Even if all 4 players were properly instantiated, they would still be at position 0 (Go) because this is when the board is being drawn for the first time, before they could have moved. Yet it is filling in 5 X's as if there were 4 characters there already. Even if it was inserting null characters, that still returns a space to the console, which I learned when working on a tic-tac-toe program.

Have I found a crazy logic bug or have I managed to miss something big. I can link you to my BitBucket repo, if you want to examine my code further.

Edit: I formatted my code on here with the spaces the way they should be, but I have no indentations. Sorry that it looks so sloppy, is it more than 4 spaces or is indentation broken?

A link to the code would help :).

[EDIT: BitBucket link redacted because I deleted the repo, and my username was my real name. The issue has been solved, so it is no longer needed here.]
Sorry that it's undocumented, I've just started to build stuff out. It's not very complex yet, though, so it should be fairly easy to understand.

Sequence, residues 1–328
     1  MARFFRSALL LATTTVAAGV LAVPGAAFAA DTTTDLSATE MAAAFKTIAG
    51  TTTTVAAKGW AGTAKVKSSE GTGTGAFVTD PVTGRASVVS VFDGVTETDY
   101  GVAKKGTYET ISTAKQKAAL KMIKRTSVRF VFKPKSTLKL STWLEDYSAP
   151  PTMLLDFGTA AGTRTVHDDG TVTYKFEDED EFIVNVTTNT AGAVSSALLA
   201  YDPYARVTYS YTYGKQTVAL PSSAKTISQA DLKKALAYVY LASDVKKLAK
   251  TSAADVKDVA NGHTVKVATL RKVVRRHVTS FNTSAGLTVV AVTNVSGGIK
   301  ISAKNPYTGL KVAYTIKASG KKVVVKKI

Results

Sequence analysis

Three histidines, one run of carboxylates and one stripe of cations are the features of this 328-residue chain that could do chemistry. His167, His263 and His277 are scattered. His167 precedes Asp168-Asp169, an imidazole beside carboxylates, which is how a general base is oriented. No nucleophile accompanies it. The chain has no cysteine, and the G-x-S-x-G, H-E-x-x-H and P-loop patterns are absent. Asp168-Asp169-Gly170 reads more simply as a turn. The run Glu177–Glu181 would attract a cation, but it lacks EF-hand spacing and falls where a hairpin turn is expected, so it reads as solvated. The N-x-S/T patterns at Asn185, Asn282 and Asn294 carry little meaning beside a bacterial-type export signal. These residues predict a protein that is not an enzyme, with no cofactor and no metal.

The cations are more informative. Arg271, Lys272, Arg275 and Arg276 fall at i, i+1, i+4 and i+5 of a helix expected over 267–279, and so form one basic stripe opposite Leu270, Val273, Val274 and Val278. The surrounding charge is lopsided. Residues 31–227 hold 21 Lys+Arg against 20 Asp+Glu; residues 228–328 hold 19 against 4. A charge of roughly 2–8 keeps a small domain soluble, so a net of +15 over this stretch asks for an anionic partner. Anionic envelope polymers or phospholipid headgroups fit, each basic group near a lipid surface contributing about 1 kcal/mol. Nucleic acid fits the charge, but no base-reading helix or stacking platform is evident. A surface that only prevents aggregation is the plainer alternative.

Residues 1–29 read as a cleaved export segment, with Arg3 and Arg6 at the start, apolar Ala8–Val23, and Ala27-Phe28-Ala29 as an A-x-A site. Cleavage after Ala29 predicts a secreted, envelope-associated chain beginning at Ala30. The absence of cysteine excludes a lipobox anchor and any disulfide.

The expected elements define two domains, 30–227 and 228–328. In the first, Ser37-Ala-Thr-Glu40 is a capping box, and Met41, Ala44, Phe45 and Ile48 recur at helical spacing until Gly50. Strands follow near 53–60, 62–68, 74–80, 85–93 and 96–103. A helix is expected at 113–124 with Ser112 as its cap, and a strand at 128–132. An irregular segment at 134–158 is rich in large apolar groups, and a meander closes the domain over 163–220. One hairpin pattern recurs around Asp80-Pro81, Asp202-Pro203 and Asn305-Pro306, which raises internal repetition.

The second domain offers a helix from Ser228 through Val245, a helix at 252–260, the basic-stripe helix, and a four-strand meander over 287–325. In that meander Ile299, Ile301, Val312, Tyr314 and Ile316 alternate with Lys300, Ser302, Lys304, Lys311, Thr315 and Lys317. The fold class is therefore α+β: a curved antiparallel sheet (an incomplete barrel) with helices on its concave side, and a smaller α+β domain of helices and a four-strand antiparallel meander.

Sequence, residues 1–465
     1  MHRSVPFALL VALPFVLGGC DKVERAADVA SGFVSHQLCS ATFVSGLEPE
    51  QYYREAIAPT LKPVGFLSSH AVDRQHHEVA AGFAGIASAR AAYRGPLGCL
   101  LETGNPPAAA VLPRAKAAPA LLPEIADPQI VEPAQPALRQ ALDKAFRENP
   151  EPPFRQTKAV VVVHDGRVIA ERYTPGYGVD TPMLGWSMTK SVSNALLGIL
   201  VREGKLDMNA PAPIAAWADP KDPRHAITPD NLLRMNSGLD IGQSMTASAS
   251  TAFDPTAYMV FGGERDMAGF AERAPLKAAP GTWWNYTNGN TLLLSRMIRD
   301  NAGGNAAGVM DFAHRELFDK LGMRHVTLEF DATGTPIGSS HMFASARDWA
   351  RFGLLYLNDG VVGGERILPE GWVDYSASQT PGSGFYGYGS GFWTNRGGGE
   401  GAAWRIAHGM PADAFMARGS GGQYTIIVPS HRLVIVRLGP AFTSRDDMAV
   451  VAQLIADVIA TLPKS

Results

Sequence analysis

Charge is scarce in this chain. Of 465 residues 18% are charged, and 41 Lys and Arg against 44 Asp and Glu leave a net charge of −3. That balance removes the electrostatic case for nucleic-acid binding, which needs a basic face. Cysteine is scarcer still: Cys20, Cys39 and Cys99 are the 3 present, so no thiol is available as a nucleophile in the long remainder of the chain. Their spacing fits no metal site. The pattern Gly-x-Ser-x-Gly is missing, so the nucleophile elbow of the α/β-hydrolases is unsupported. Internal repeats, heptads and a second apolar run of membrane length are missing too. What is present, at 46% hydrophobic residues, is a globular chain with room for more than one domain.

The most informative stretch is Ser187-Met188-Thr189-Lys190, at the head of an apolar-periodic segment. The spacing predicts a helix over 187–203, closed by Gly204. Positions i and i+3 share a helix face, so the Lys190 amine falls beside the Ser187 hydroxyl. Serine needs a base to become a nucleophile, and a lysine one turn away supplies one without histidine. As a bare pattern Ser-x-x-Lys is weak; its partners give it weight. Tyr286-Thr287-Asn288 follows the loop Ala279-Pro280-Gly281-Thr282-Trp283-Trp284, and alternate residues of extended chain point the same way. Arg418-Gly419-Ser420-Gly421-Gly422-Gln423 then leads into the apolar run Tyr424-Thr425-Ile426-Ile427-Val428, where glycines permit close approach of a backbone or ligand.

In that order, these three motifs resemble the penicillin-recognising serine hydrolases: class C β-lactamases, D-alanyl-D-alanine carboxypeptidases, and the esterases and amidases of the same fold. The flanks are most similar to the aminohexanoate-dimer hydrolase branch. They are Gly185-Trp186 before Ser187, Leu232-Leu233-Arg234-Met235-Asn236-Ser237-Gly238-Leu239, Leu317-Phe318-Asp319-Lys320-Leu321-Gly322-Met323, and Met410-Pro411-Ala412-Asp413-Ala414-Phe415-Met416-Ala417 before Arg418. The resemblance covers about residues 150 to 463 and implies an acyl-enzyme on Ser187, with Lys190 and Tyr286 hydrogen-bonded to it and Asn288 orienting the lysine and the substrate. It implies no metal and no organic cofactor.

In (original, I know), line 113 references MonopolyPlayerManager.getPlayersOnSpace(int space) (, line 44).
Each of those tests should fail because even though only 1 player "exists" (as defined in `'), it is not even on space 20 as nobody has moved yet (so it has to still be on space 0).

If I got "xxxxxx" (6 X's), that would likely indicate that the first test failed (as there are 3 non-existent characters) but for some reason the last 3 passed. Instead, all 4 tests "pass" and I get "xxxxx" (5 X's).